All Javier Ramos, Jr. has wanted since 2015 to was to open a chain of restaurants in Houston and Los Angeles called the Krusty Krab. He chose that name because of his fondness for the phrase that refers to the “crust that sticks to the top of crabs when they are put in a seafood boil,” or so he says.
He allegedly didn’t realize the spelling of his hypothetical restaurant's name was identical to that of the fictional joint where SpongeBob Squarepants works as a fry cook on Nickelodeon’s SpongeBob Squarepants. Yeah, that's right: I'm talking about that undersea fast food paradise known for serving Krabby Patties and the occasional Krusty Krab pizza, famously “the pizza for you and me.”
But Ramos' would-be restaurant chain hasn’t seen the light of day, as Nickelodeon’s parent company Viacom hit the company Ramos owns, IJR Capital Investments LLC, with a lawsuit in January 2016. Viacom claimed Ramos' proposed restaurants would infringe on Viacom's trademark, even though Viacom hadn’t filed a formal trademark for the Krusty Krab name.
These two parties have been embroiled in a legal tango ever since, one that feels never-ending. A Houston district court ruled in favor of Viacom last January, claiming that IJR’s use of the name Krusty Krab could create “a likelihood of confusion” for consumers expecting a nautical dining experience when they step inside Ramos’ restaurants. But IJR subsequently appealed the ruling last May, and the appeal has now reached the Fifth Circuit.
Earlier this week, Courthouse News reported on Tuesday, Ramos’ lawyer argued to the Fifth Circuit that Viacom can't bar his client from using the Krusty Krab.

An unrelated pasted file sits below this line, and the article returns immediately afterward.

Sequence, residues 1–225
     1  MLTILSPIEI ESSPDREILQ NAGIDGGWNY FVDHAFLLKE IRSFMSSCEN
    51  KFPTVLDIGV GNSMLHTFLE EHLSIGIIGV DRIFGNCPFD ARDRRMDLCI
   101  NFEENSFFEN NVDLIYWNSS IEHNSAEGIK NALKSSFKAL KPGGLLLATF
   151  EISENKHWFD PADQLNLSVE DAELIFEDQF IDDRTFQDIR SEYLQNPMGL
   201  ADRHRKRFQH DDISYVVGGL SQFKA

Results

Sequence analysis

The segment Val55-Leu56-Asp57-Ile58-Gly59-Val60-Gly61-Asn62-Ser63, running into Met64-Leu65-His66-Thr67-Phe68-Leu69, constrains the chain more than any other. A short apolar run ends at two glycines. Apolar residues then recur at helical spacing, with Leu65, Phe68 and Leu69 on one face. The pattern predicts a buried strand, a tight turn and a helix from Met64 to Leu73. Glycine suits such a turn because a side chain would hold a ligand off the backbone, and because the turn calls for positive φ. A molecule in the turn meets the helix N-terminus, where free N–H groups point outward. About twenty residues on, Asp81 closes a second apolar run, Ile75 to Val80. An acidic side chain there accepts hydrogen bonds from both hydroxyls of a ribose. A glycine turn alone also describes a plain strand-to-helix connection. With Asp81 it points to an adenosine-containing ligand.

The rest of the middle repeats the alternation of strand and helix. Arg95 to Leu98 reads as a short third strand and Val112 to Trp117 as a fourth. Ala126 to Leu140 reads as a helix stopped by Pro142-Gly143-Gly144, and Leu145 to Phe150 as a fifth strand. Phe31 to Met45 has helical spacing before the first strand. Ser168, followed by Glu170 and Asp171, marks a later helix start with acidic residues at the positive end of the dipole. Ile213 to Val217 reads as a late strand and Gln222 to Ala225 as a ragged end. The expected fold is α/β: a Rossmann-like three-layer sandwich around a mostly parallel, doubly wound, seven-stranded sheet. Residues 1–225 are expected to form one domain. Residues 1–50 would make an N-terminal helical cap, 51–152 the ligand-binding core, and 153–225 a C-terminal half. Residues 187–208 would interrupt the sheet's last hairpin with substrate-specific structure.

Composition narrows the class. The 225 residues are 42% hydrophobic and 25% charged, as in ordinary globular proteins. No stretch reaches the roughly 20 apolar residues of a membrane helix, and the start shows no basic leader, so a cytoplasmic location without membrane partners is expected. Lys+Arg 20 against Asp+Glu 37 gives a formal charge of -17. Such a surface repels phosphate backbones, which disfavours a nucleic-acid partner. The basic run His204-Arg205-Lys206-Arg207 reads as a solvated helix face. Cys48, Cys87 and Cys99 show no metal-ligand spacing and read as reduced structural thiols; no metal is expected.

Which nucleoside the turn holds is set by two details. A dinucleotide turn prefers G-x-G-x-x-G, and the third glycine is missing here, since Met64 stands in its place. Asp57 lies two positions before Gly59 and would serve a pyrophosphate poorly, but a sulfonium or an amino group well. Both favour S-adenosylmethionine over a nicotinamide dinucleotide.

Boy, what a mess! Guess Sandy doesn’t wish she were in Texas!
The show is a cash cow for Viacom, which might explain the company’s territorial nature in regards to the Krusty Krab name. Ramos claimed that he wasn’t initially aware of any similarities, though he did mention in court that he’d searched for the Krusty Krab online before and come across the SpongeBob association. He’s allegedly proposed changing the spelling of the name to, say, Crusty Crab to thaw tensions between the two parties, but he claimed last year to the Houston Press that he was being “bullied” by Viacom regardless.
The hearing on Monday was a seemingly tense scene (“Krusty is not an appetizing word and spelling crab with a K certainly does not denote fine dining,” Viacom’s lawyer allegedly said at one point) in which both warring parties articulated their stances. There’s currently no word on when the Fifth Circuit will issue a ruling. Neither Ramos nor Viacom’s lawyers responded to immediate request for comment from MUNCHIES on Wednesday.
If Ramos doesn't get his way, my suggestion is to just rename his chain Chum Bucket and see what the hell happens.